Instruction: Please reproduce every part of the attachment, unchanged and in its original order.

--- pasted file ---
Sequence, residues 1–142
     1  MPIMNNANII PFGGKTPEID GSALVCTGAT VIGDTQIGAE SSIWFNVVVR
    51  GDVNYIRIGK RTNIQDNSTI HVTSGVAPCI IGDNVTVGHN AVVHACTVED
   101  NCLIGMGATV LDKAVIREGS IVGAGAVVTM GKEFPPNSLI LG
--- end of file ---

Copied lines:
Sequence, residues 1–142
     1  MPIMNNANII PFGGKTPEID GSALVCTGAT VIGDTQIGAE SSIWFNVVVR
    51  GDVNYIRIGK RTNIQDNSTI HVTSGVAPCI IGDNVTVGHN AVVHACTVED
   101  NCLIGMGATV LDKAVIREGS IVGAGAVVTM GKEFPPNSLI LG